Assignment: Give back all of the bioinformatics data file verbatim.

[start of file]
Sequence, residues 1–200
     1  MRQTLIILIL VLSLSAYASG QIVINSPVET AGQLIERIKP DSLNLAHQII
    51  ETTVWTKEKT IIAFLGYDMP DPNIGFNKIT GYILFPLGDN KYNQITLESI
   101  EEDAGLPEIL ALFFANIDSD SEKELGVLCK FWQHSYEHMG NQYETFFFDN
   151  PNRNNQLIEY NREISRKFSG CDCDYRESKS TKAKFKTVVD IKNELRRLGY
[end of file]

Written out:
Sequence, residues 1–200
     1  MRQTLIILIL VLSLSAYASG QIVINSPVET AGQLIERIKP DSLNLAHQII
    51  ETTVWTKEKT IIAFLGYDMP DPNIGFNKIT GYILFPLGDN KYNQITLESI
   101  EEDAGLPEIL ALFFANIDSD SEKELGVLCK FWQHSYEHMG NQYETFFFDN
   151  PNRNNQLIEY NREISRKFSG CDCDYRESKS TKAKFKTVVD IKNELRRLGY